I am a University of Arizona Distinguished Professor of Psychology in the School of Mind, Brain and Behavior and a Professor of Psychiatry in the College of Medicine. I am also appointed faculty in the Marketing Department of the Eller College of Management, and a research associate in the Arizona Cancer Center, all at the University of Arizona.
I received my B.A. with honors in Psychology from San Jose State University in 1988, my Ph.D. in Social Psychology from the University of California at Santa Cruz in 1993, and I completed post-doctoral training at Princeton University before joining the Arizona faculty in 1997.
I direct two research labs in the Psychology Department at the University of Arizona:
Our research in the Self and Attitudes lab develops new influence strategies to promote healthy behavior and the reduction of prejudice. For example, we investigate the attitude and behavior change that follows from an act of “hypocrisy” (Stone, 2011). My students and I find that when people advocate a behavior that they personally do not perform, they are motivated by cognitive dissonance to adopt more positive attitudes and behaviors toward the issue. An interesting article about the psychology of hypocrisy can be found here
Our research on prejudice and stereotyping focuses on implicit or "nonconscious" forms of bias. For example, recent studies examine the implicit prejudice people hold toward individuals with a tattoo (Zestcott, Bean & Stone, 2017). We also investigate the role of stereotypes and prejudice in creating ethnic and racial health disparities (Zestcott, Blair & Stone, 2016), and are testing various approaches to reducing implicit biases. Our work on these issues has been funded by the National Institutes of Health, the National Science Foundation, and by various state and local grants. An article about this work can be found here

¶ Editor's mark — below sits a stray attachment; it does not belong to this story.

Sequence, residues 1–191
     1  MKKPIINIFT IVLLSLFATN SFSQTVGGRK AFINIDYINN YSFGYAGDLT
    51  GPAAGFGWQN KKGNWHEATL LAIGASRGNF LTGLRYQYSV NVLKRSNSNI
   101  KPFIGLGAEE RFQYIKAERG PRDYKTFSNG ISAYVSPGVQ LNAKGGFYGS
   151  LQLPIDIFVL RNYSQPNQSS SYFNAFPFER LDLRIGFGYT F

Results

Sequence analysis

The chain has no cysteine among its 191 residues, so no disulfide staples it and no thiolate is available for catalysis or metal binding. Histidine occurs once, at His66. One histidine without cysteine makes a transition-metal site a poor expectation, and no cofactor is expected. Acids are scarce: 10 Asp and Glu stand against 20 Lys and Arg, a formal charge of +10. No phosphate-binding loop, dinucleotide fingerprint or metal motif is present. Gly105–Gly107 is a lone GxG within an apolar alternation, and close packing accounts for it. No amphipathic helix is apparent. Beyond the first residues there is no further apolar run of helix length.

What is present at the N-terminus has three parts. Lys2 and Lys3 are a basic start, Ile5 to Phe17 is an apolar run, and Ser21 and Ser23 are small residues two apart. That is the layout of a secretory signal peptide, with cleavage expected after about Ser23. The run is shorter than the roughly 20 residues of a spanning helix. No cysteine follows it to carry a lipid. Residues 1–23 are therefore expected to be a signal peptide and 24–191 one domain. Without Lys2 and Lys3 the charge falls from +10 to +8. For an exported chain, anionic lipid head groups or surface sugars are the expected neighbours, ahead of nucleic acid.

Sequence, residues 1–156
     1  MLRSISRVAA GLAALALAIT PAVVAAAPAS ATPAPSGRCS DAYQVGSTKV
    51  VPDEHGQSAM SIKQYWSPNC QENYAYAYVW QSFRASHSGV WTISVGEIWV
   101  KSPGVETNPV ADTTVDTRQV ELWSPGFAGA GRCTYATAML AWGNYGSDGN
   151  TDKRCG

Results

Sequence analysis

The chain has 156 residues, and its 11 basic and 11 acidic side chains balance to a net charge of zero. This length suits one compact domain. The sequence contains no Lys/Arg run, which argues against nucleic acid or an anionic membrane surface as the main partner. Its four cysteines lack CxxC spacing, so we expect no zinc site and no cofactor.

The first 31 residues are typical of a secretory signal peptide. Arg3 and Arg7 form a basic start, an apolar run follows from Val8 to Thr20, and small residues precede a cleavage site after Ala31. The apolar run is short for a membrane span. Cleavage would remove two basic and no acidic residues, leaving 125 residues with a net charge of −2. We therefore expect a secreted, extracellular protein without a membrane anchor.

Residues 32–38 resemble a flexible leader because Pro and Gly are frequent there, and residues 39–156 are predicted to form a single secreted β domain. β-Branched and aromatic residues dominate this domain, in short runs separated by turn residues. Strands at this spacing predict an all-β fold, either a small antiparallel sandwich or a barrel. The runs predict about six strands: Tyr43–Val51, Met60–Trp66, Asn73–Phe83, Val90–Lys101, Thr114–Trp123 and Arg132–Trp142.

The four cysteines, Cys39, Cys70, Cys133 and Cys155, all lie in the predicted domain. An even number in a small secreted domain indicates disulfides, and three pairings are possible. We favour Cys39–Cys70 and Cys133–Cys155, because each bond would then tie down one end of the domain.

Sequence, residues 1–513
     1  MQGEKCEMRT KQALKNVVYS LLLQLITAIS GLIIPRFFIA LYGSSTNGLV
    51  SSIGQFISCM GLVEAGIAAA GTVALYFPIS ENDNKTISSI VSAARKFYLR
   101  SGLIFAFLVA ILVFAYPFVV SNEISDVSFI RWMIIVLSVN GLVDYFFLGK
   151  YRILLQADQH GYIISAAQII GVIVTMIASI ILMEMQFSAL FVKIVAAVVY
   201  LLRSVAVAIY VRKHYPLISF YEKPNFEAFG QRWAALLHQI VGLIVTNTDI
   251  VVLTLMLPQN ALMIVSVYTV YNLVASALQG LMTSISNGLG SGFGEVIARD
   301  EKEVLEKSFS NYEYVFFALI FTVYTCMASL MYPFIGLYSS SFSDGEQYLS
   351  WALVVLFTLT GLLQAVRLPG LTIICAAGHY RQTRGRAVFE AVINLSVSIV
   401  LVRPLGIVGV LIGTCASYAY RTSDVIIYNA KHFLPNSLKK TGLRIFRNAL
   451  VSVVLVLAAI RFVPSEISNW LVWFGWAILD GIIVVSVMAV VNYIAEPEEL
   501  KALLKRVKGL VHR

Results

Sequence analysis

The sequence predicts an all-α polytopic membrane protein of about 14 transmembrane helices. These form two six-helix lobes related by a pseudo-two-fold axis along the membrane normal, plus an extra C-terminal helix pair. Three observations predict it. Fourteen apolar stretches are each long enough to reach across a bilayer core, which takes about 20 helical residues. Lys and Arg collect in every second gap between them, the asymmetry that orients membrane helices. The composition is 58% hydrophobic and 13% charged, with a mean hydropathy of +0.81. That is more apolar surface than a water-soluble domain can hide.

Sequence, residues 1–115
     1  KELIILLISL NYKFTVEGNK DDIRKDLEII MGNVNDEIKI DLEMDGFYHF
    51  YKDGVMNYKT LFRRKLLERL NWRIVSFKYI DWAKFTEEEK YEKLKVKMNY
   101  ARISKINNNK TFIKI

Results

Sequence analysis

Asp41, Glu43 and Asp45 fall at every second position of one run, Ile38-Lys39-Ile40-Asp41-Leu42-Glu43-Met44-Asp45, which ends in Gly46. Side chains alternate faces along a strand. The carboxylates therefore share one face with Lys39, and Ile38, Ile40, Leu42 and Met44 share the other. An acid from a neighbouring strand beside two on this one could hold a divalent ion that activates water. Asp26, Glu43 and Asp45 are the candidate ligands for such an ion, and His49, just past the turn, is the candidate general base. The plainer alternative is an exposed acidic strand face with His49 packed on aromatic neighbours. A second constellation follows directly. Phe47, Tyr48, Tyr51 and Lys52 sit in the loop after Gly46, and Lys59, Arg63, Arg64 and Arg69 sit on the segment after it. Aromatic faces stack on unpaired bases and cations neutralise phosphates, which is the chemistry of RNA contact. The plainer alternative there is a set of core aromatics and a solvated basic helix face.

In the Social Psychology of Sport Lab, our research investigates the causes and consequences of racial and gender stereotypes for the behavior of athletes both on and off the field. We examine how negative stereotypes impact perceptions of athletic performance, and how stereotype threat processes impact outcomes in sports (Stone, Chalabaev, & Harrison, 2011) and education (Stone, Harrison, & Mottley, 2012). Our work on the role of stereotypes in sports has been featured in programs on National Public Radio, the BBC, in Newsweek Magazine, on the television show ABC Primetime, and in various newspapers around the globe.
Click on the links to the right to learn more about my research and the courses that I teach. You can also get information about the social psychology graduate program and the department of psychology.
I am not recruiting a new graduate student for Fall 2022